Thursday, August 21, 2008

Rebuilding Muscle and Confidence

It had been a month since I last had on skates, but yesterday after work I put them back on and went for a skate at the Lake. I had vague memories about how good I felt after skating, but I couldn’t quite remember the details of how I felt clearly. It’s weird how you can remember everything about the bad – like the pain I experienced after each shoulder injury – but you can’t quite remember anything about the good – like the endorphins you get from pushing yourself when you exercise.

It was a beautiful late summer evening. The high here in Baltimore has been the low-to-mid 80s the past couple days, which is cooler than normal, but I’m so not complaining. The great weather is what encouraged me to get out there in the first place.

It’s weird. I feel guilty skating outside at the Lake if I know our league has practice that night, and this guilt has kept me from going to skate at the Lake in the past (even if I’m injured). Last night was our scrimmage practice, and it was a no brainer that I couldn’t make it to that, yet I still felt guilty about thinking about skating at the Lake. Thank buddah I said “fuck it” and went anyway.

I skated 6 miles. I only know that because I know the Lake is 1.3 miles around. It makes me wonder how many miles I typically skate at an endurance practice. Shit, it’s got to be more like 30-50 at those practices – the floor we skate on is wood, not pavement, so you go faster, and my 6 miles on pavement and with gummy outdoor wheels only took me about 40 minutes. I wish there was such a thing as a skate pedometer…

I pushed myself to do certain things for certain periods of time while skating around the Lake. For instance, when I got to the shaded area, I made myself get really low and sprint without letting my skate wheels leave the ground. I could tell I hadn’t skated for a month, because my hips and a portion of my calf muscles were burning. Still, it was a good burn. It made me go harder and faster all the way up until me predetermined point of stopping.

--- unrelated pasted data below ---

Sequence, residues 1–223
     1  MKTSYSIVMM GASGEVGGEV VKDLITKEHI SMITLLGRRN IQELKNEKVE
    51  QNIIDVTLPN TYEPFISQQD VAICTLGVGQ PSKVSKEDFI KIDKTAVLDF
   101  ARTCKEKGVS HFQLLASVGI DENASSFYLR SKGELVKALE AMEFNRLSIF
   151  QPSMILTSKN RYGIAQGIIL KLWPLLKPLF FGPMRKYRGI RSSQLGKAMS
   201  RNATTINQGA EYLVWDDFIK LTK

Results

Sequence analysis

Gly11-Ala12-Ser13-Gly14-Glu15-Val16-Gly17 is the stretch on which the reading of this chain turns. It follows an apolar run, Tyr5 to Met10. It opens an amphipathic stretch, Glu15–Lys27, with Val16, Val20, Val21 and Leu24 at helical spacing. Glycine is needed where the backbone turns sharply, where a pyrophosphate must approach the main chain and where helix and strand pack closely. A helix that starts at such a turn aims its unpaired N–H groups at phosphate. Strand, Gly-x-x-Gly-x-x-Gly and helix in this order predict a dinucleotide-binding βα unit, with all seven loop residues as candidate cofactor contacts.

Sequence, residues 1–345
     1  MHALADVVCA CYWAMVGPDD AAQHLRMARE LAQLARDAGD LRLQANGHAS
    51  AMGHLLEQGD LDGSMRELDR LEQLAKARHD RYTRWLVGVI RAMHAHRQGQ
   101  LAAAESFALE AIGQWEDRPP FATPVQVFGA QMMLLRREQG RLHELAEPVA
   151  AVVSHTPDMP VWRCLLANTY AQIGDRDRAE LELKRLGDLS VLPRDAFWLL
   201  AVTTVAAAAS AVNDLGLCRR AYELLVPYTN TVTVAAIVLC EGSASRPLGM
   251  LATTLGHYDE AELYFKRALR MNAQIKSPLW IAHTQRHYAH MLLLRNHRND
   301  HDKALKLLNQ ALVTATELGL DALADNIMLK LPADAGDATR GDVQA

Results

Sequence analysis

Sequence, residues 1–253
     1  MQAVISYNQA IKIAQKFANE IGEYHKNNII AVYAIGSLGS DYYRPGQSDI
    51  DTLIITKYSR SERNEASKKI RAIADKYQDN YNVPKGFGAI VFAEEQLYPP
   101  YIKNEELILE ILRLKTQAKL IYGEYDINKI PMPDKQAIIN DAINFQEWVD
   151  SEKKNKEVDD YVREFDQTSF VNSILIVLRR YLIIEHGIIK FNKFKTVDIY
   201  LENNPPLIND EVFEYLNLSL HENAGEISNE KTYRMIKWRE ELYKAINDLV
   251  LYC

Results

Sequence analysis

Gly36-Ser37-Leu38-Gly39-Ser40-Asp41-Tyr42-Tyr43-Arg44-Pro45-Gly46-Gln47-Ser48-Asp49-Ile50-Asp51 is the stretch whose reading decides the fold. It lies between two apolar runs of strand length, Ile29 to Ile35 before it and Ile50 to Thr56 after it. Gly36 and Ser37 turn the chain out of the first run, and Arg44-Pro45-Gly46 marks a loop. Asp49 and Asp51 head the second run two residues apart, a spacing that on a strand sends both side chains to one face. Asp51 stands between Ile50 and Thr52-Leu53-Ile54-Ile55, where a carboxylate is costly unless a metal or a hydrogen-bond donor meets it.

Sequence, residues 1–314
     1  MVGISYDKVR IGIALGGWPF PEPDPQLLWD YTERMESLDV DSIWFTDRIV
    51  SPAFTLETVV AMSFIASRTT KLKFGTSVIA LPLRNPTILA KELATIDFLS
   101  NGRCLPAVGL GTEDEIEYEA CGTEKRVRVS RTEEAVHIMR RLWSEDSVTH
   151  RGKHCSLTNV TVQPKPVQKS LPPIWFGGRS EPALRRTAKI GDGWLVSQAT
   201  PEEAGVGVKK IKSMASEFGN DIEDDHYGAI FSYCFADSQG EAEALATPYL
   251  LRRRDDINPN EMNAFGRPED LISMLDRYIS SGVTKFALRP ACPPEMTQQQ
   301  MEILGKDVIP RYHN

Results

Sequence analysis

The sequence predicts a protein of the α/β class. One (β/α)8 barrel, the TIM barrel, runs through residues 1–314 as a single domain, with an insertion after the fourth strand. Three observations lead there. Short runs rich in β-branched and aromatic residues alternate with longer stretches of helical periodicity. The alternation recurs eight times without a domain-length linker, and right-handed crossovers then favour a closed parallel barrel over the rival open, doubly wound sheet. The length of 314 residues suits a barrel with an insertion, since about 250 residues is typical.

When I was done, I sat on my rear bumper and took off my gear. I was sweaty, but it was great. There was a cool breeze blowing, and everything sort of slowed down as I saw the other people at the Lake walking by or riding their bikes. I stopped for half a second to watch the breeze move the trees in the distance and feel it against my stinky, sweaty head. “I’m glad I did this,” I thought. “I needed this.” I think part of my elevated stress level is due to my not having skated for so long. I need skating. I need it for many reasons.

Once I had cooled down and packed up, I stood up and stretched. As I did, I glanced down and saw my thigh muscles bulging out of my legs. I’ve been super self conscious about having lost some muscle since, well, May when the first shoulder injury occurred, and I was shocked to see that I still had muscle definition in my thighs. On the way to the Lake, all I could see under my stretch pants were the ripples of cellulite that have appeared since my muscle tone has decreased, but on the way back home all I could see was muscle.

I may have to take a break from contact and scrimmaging for the remainder of the season, but that doesn’t mean I’m quitting. There are a lot of unknowns out there, like “What if I hold off until January but when I go back I still get reinjured?” and “What if I don’t get to play Pivot because my spot has been filled?” I’ve been thinking about the unknowns a lot, and my fearing their answers has kind of paralyzed me. For now, I have to ignore them, put them out of my mind, and deal with them later – when I am ready to return full force.

As for this weekend’s bout, I was going to go set up and then leave. I’m having a hard time being around skating and not being able to skate. It’s horribly depressing. Then I got a text from Dirty Marty inviting me to announce with him. I didn’t respond at first, but I eventually accepted. I can only pout long enough. It’s time to end that and move on to the rebuilding phase. As hard as it is, I know I need to keep moving forward and not look back. I know I said this year was my year, but maybe I was wrong. I suppose next year could be my year. Now I just need to make it happen.


Tami said...

Never give up on your dreams no matter the obstacle! You were meant to be involved in derby and everyone that knows you knows that. There is no derby job too big or too small. Yep, maybe next year will be your year to shine so live in the moment!

I once saw a report of a 85 yr old woman that coaches boxing and she is even wheelchair bound. Her & her husband volunteered teaching and when her husband died she took over. She loves it and the students love her. She knows her stuff!

I know in your derby world they will always have a place for you!

Flux Incapacitator said...

Yeah, this was supposed to be my year too. Being sidelined sucks ass, but I think it only makes you stronger mentally. Patience, determination, downright scary willpower--these are the attributes of the sidelined rollergirl. And they're also traits of a good active player! You'll be back and knocking us on our asses in no time.

Also, I'm psyched you're not bailing out of this bout. You'll finally get to see me skate with the B team girls! :)